Splatterhouse was released two years ago. It is a reboot to a series that probably didn’t need any rebooting. The originals were awful games, to be sure, with the exception of Splatterhouse 3 which took the bold new direction of adding an ‘up’ button to the mix. But back when Sega Genesis was king and I had a summer’s worth of free time, I played the ever-loving crap out of Splatterhouse 2 and 3. These were the original bad boys of gaming. The original game was the first game to receive a parental warning on the Turbografix-16. And if you have the haze of nostalgia tinting your world a lovely rose color, the reboot is more than happy to shatter your notions that they were quality gaming: they’re included as extras.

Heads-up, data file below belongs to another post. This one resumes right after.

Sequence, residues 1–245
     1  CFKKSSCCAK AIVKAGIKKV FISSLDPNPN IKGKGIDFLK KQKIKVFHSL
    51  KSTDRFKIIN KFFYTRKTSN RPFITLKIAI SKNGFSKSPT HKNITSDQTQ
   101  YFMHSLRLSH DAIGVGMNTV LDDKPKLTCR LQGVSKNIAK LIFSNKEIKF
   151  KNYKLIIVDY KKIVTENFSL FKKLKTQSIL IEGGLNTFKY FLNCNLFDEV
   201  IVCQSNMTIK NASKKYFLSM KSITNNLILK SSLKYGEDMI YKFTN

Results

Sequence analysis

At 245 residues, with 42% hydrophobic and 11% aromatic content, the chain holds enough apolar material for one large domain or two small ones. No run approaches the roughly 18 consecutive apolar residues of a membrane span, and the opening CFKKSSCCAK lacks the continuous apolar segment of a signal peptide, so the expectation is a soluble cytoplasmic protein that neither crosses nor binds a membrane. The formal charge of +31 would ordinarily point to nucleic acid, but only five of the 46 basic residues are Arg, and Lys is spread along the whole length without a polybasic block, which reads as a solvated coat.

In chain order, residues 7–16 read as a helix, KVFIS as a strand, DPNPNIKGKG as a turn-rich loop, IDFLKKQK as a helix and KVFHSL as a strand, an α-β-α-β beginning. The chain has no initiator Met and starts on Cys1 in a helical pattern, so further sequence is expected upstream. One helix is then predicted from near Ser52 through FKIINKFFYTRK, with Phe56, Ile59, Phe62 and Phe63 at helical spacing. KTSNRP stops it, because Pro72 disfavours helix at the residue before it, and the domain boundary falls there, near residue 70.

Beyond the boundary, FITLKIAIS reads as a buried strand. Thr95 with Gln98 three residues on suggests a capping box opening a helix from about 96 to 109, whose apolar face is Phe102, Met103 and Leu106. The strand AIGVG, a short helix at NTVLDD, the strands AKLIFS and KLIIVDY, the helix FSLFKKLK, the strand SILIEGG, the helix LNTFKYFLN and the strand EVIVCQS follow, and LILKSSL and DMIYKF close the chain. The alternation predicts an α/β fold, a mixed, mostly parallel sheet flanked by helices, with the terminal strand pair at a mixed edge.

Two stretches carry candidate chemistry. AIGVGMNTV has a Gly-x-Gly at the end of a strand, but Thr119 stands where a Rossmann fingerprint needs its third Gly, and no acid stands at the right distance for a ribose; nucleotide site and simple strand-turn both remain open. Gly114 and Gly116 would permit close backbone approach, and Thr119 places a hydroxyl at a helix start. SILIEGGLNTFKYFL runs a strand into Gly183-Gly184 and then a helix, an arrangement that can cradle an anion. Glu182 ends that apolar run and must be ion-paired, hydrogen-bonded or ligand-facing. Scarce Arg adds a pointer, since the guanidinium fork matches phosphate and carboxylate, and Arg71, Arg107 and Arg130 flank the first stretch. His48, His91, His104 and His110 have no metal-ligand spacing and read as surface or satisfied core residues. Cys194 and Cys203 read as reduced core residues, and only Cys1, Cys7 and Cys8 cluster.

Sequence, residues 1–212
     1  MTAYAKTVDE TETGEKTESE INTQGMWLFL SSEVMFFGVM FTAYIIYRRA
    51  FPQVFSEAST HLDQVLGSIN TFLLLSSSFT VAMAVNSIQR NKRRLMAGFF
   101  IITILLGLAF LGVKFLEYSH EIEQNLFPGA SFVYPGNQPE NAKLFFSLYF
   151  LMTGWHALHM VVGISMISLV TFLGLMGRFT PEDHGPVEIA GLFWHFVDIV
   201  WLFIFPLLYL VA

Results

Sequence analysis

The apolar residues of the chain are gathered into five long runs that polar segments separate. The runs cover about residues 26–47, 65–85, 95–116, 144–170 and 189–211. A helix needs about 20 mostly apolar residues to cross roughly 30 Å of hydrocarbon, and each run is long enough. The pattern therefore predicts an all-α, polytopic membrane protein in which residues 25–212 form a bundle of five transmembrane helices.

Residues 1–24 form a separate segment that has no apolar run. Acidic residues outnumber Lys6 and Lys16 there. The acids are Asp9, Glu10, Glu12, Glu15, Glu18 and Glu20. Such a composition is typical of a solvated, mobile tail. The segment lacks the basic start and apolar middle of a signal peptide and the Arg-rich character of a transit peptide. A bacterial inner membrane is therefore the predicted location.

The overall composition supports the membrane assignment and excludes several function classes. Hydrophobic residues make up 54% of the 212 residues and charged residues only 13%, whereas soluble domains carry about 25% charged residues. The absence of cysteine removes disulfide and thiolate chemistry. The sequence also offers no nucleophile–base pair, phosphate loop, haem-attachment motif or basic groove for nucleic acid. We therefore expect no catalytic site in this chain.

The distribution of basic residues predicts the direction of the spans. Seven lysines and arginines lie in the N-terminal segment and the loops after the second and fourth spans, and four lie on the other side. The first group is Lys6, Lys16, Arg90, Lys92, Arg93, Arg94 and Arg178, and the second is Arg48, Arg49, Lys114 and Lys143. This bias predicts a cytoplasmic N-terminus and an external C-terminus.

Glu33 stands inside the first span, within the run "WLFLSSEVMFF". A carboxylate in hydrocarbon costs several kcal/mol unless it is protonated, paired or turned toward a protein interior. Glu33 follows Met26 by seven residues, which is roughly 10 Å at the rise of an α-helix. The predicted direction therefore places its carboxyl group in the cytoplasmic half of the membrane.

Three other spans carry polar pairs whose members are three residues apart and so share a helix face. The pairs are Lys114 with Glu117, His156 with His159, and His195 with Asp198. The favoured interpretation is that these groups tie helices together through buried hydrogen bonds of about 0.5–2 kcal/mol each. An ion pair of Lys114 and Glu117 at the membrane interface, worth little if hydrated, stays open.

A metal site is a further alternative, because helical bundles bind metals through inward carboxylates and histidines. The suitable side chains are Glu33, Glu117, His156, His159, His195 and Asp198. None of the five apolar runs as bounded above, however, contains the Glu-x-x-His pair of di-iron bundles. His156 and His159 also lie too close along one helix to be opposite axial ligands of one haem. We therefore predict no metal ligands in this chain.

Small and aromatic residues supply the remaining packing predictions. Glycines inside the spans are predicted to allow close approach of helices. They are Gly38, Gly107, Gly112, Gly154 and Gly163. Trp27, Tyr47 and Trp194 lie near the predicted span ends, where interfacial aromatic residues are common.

Now, I try to remain as divorced from gaming media as much as possible, namely because I hate pretty much all forms of entertainment press. Their previews are sychophantic and, in the case of Gamespot, they have a history of firing reviewers if they fail to review a game positively and the producers of said game have invested a lot of money to advertise on their site.

  In any case, I try not to get excited about games that will be released because they have a tendency to disappoint. The only reviewer I listen to is Ben “Yahtzee” Croshaw of Zero Punctuation fame because he’s funny. And I don’t always agree with him, but I don’t attach my ego to my choice of games so that’s really not a big deal.